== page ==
For several decades, some developing countries have been observed demonstrating economic success in the world. Young and the most advanced countries in the second half of the XX century combined in a separate group forming new industrializing states. South Korea occupies a firm place among the prosperous nations. Many experts affirm about the rapid economic growth of the Republic of Korea. Such success is connected with the transformation from the traditionally agricultural state into industrial one and high rates of GDP growth. A large number of factors, including external and internal, economic and political, subjective and objective, had an enormous effect on the rapid growth of the South Korean economy. The development strategy of the country was oriented on export to the outside world. The state had a propitious international economic climate in the second half of the XX century to promote access to external resources. In addition, effective and strong leadership in the face of authoritarian governments postponed political and democratic reforms in favor of economic development of the country. Moreover, the country experienced the attraction of technological and financial foreign investments. Finally, South Korea demonstrates cultural and ethnic homogeneity, as well as follows the strong Confucian tradition, which provides special value to devotion to the nation, hard work, success in life, and education. Thus, the aforementioned factors combined have determined the economic success of the country. The purpose of the paper is to examine the main economic and political trends and processes affecting the economic development of South Korea.
South Korea is considered an Asian economic tiger. The state is one of the largest manufacturers of consumer electronics and automobiles, and it controls a third of the global shipbuilding industry. The current country of automobile plants, highways, and skyscrapers was a peasant Asian province in the 60s of the XX century (Kim 34). The economic condition of South Korea in the early 1960s was considered catastrophic (Kim and Kim 12). The level of GNP per capita lagged behind not only from Mexico and Nigeria but also from Papua New Guinea (Kim and Kim 12). The situation was complicated by the absence of natural resources in the country that could be exported (Hua and Hu 23). Therefore, it is evident that in the 60s of the previous century, South Korea was an economically weak state facing numerous problems.
The situation changed with the advent of the new government that was able to turn the country into one of the most prosperous in the region. For three decades, South Korea transformed from a developing country into an advanced one. Chowdhury argues that “during three decades of economic expansion, South Korea transformed itself from one of the world’s poorest countries to one of the richest, despite a lack of natural resources, a high population density, severe wartime devastation, and heavy defense expenditures” (42). Paine affirms that “South Korea today is the thirteenth-largest economy in the world” (223). To achieve it, the new government undertook several effective measures, namely the development of the heavy industry as forced industrialization at the expense of agriculture and a course on the export-oriented economy and its state regulation (Kim and Kim 42). More capacious industries followed after metallurgy and shipbuilding such as the automotive industry, the deployment of which began after 1976, and electronics, the era of the development of which began in the 80s (Kim and Kim 44). Due to its heavy and chemical industries, the Korean industry in a number of sectors shifted to the setting of the entire chain of the production process. This fact allowed cutting the import of raw materials and components and reducing the trade deficit. Due to these methods, South Korea was able to improve its position among other countries.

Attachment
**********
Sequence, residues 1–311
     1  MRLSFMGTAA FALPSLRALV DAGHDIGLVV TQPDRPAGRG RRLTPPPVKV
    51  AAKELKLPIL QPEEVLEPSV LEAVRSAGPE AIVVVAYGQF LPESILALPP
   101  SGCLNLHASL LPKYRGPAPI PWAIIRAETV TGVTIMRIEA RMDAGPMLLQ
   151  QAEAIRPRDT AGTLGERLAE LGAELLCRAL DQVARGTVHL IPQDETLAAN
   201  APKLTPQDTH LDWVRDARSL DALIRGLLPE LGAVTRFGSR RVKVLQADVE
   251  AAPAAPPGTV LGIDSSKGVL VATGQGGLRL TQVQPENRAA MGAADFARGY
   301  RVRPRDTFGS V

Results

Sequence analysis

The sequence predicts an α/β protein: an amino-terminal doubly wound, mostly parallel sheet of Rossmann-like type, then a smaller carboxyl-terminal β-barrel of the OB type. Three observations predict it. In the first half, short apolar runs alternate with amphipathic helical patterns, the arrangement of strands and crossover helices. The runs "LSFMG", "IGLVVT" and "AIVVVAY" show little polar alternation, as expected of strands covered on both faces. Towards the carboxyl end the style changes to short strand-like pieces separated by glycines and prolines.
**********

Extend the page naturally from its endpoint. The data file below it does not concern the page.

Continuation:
Changes in the country began with the revolution and the advent of a new leader. On May 16, 1961, a military coup took place in South Korea (Chowdhury 43). The leader of the revolution was Park Chung Hee who later became a president (Heo and Roehrig, South Korea Since 1980 4). He conducted a number of tough measures for the development or rather the construction of an entirely new economy. According to The Development of Modern South Korea, “there is no golden rule that posits a necessary connection between economic development and democratization” (Kim 73). Chung Hee declared war on corruption. Any corrupt actions were instantly punished. The course on industrialization was announced (Boestel, Francks, and Kim 85). Peasants were forcibly evicted to the cities (Boestel, Francks, and Kim 86). The rural poor started working in private enterprises, which produced cheap goods for export (Boestel, Francks, and Kim 86). Furthermore, Chung Hee introduced the nationalization of the banking sector. The government implemented a monetary reform and arrested the accounts of private banks in total amount for $ 87 million (Sato and Shimomura 137). Therefore, the banking system completely passed under state control. In addition, the government retained full control of the transport infrastructure, energy, and water. It can be noticed that the administration of Chung Hee made a key stake in centralized management in economic development (Sato and Shimomura 136). These actions could improve the economic situation in the country.